The good news for container lines considering hub options in the Caribbean Basin — and the bad news for terminal operators seeking to entice them — is that there is more than enough port capacity to go around, and it is about to get even more excessive.
APM Terminals has a major new facility set to debut in Moin, Costa Rica. APM Terminals’ Latin America regional media relations manager, Freddy Serrano, confirmed to Fairplay, a sister company of JOC.com, that the first of three phases will begin operations in February 2019 with six ship-to-shore cranes, 29 rubber-tire gantry cranes (RTGs), 2,500 reefer plugs, a 14.5-meter (47.6-feet) draft, and a 1.5 million TEU annual capacity.
Moin is a domestic facility with a heavy focus on the nation’s fruit exports, not a transshipment facility. “Moin Container Terminal [MCT] will handle more domestic cargo instead of transshipment cargo,” Serrano said. However, regional executives have long expressed concern in the medium and long term, [and] transshipment business will be added.
“Moin will have major implications for the Caribbean,” said Carlos Urriola, president of SSA International, which operates the Manzanillo International Terminal (MIT) in Panama. “For the first three years, yes, they will be doing gateway cargo. But after that, they will probably try to do some transshipment,” he predicted.
Michael Kristiansen, president of consultancy CK Americas, believes Moin’s domestic business could have a negative effect on regional transshipment. “Simply because it will be able to take bigger ships, it may favor direct shipments [to Moin] over transshipment [to and from Costa Rica] from elsewhere. The same thing happened on the Pacific side at Port Quetzal in Guatemala, where you now have Asian and European services coming in directly because of the 14-meter draft.”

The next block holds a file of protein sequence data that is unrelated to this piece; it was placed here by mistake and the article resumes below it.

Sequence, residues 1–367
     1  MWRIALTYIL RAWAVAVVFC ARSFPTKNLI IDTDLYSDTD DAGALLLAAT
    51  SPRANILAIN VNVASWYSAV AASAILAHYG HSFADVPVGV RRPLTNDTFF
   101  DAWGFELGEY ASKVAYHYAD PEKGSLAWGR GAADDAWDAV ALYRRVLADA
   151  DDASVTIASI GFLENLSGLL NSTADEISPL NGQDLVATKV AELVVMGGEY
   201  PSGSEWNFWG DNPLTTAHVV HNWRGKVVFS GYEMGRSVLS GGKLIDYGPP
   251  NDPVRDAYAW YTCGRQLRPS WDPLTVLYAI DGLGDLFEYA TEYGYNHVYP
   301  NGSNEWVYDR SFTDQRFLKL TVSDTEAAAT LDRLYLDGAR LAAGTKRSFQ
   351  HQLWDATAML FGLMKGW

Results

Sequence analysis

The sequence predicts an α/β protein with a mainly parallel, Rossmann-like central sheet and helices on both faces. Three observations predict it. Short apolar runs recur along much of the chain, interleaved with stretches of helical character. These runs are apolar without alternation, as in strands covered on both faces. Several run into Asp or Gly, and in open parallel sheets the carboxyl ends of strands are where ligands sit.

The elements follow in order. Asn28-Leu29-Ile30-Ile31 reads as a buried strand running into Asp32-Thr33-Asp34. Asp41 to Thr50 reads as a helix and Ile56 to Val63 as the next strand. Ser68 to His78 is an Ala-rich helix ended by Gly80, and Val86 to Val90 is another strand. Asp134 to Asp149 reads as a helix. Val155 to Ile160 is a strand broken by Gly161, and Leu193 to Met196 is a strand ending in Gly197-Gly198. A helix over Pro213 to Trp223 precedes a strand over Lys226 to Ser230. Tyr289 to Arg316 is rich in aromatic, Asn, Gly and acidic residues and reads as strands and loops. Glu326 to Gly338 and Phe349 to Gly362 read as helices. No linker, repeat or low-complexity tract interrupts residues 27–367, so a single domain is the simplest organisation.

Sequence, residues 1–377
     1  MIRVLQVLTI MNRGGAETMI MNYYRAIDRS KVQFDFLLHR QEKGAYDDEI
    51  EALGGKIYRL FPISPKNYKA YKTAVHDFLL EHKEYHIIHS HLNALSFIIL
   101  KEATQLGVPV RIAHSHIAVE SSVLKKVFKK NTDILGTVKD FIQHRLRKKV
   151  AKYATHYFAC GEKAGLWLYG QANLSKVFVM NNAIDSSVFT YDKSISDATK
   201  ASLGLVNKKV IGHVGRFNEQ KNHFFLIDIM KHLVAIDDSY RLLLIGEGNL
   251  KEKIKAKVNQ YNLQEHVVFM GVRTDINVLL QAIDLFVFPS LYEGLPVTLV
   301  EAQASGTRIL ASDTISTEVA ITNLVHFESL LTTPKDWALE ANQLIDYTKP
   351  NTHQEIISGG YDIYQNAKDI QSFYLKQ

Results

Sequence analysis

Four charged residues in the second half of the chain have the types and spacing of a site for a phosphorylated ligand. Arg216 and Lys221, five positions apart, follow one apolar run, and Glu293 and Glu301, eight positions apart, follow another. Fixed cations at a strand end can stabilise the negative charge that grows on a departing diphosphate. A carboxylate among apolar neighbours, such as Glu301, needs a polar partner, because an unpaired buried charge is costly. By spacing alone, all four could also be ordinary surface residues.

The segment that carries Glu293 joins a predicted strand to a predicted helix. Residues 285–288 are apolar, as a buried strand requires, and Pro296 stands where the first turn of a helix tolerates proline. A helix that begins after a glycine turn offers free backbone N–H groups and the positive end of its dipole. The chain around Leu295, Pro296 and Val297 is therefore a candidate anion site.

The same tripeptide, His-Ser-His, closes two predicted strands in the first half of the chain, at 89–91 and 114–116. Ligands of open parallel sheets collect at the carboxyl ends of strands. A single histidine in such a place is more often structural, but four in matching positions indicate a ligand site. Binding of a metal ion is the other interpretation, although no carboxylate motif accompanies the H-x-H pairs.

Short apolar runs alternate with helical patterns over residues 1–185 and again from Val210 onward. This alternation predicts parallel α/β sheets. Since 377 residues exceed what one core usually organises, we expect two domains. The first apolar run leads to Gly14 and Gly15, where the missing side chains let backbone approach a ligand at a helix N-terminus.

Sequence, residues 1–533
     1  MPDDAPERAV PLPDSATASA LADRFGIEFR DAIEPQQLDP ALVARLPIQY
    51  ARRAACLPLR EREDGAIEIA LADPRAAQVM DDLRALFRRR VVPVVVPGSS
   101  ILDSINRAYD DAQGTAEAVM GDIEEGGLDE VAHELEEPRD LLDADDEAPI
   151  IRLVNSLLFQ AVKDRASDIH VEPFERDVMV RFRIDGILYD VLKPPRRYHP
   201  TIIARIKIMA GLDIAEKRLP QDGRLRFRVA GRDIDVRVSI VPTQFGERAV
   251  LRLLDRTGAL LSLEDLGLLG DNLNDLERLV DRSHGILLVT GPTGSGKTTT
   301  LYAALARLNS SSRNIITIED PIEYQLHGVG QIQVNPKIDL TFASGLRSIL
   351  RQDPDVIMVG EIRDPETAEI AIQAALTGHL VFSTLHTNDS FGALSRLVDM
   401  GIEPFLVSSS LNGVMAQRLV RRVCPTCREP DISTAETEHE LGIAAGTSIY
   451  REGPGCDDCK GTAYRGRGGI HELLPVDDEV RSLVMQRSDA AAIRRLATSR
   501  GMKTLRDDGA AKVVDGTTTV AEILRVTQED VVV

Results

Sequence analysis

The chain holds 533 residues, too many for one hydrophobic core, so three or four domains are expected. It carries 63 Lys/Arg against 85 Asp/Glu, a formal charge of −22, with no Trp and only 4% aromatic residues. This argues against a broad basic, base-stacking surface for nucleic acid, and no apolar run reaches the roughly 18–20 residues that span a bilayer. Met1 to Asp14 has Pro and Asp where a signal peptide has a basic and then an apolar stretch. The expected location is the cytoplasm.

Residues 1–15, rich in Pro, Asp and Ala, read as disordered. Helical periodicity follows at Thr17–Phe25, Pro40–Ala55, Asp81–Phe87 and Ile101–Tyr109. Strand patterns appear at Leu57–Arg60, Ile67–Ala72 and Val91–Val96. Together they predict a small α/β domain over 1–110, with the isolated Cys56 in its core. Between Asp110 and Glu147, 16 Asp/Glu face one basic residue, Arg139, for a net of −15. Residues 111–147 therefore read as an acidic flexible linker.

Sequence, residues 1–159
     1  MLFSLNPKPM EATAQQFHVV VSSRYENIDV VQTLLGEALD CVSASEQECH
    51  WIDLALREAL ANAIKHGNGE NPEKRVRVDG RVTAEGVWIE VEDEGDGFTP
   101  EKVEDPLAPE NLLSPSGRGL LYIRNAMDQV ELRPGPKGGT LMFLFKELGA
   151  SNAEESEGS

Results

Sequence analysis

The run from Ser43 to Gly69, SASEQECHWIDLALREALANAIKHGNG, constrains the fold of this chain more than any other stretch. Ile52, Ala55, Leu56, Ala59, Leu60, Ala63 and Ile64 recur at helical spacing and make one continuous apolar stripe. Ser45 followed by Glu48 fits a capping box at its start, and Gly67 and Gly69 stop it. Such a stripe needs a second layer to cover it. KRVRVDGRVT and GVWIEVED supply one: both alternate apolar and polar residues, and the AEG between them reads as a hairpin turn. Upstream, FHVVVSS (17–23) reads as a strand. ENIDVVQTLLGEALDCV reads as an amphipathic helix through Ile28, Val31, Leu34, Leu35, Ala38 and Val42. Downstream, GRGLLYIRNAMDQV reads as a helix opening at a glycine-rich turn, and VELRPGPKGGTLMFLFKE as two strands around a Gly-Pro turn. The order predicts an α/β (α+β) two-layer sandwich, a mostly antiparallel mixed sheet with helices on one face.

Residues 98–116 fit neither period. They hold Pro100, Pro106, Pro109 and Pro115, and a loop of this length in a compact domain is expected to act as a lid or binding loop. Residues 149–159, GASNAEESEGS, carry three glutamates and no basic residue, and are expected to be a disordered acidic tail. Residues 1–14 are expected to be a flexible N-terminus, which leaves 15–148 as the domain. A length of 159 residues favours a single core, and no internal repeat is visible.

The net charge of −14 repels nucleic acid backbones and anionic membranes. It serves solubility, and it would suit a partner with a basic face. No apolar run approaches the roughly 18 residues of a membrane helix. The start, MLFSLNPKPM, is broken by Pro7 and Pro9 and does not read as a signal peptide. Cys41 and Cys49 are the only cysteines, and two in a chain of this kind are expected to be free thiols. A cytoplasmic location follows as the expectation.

When asked about this possibility, Serrano said Costa Rica currently has almost 12,000 container moves per week and the terminal is expected to boost trade by 23 percent. He said Moin’s direct business could supplant Caribbean transshipment “only if shipping lines berth at MCT with bigger vessels.”
Waiting for the go
A second major APM Terminals project in the region is the Compas SA Cartagena Terminal Operator (CCTO) facility in Colombia. In 2015, APM Terminals purchased a 51 percent stake in the multipurpose terminal, with local partner Compas SA retaining 49 percent. The facility has an initial capacity of 250,000 TEU a year, and a $200 million expansion plan was announced.
Asked about the project’s status, Serrano told Fairplay, “The environmental license [for the expansion] was issued on March 12. After the license was issued, the Ministry of the Interior requested a public consultation. To go forward, we need to first close the public consultation. The duration of this process in normal conditions is between six and nine months.”
In light of the takeover of Hamburg Sud by A.P. Moller-Maersk (APM), there is market speculation that a decision by APM Terminals to proceed with the CCTO expansion would be a major blow to SPRC, which operates two terminals in Cartagena — Contecar and Manga — and counts Hamburg Sud as one of its largest clients.